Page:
So, as I begin to detach myself from the Bothell home I’m in the process of selling, I noticed that the garage door opener had a pretty loose button. It worked, but it was obvious that it wasn’t long for this world.
On page 284 of the “Nice Guy” manual, it says that I should probably get a replacement for it. I went to Smile.Amazon.com (the charity arm of their website–they offer the same stuff, but if you order there, a portion of your purchase goes to the charity of your choice! See, you’ll actually learn two things in this blog) and saw that a couple of replacements would set me back $20. Done deal.
When they arrived, I popped them open to set the code to the same one as the worn-out remote. That’s when I made the discovery–during the entire 9 years I owned the home, the garage door opener code was the same as the default code from the factory. The two new ones were already set to “up-down-up-down….etc.”
The lesson here: if you inherited your garage door openers from a previous owner or just used them the way they came, any burglar could drive along your street holding a button down and open your garage door.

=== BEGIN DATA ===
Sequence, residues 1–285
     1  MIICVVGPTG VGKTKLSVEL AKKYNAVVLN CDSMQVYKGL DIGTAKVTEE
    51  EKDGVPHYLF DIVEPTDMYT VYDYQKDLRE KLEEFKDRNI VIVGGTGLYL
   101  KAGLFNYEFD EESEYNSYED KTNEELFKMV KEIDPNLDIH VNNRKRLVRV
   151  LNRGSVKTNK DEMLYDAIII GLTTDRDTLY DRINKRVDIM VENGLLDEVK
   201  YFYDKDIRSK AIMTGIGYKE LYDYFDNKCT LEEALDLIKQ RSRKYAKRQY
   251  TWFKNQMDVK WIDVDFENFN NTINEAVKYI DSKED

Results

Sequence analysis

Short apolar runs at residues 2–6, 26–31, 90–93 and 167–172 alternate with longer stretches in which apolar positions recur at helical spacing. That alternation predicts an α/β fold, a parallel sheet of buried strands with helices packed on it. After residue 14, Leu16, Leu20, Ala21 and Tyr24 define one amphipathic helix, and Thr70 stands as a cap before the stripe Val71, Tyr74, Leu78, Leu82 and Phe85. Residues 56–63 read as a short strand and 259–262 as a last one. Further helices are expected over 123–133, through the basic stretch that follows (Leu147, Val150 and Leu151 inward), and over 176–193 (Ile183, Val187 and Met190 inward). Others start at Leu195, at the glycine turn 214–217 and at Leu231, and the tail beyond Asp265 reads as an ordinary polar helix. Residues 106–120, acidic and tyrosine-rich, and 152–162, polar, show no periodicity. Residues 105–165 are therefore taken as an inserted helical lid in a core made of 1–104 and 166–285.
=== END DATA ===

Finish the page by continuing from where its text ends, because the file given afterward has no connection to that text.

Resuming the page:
I should have known better. I’ve often told the story of my old Bothell neighborhood, where we had an ongoing problem with a garage door that just opened randomly. I’d come home from work and it was open. I’d be out washing the car and it would close on it’s own.
Then one day, I happened to be at the right angle. As our door began to close by itself, I looked up and saw our neighbor pulling into his driveway as his garage door was opening up. I grabbed my remote, walked down to his house and hit the button. Sure enough, his door started closing. It seems we had BOTH left it on the default code.
So, now I’ve given your brain another wrinkle and provided some wisdom when it comes to garage door openers. I also may have inspired would-be burglars, but that’s the risk you take in a free society.
Don’t do it.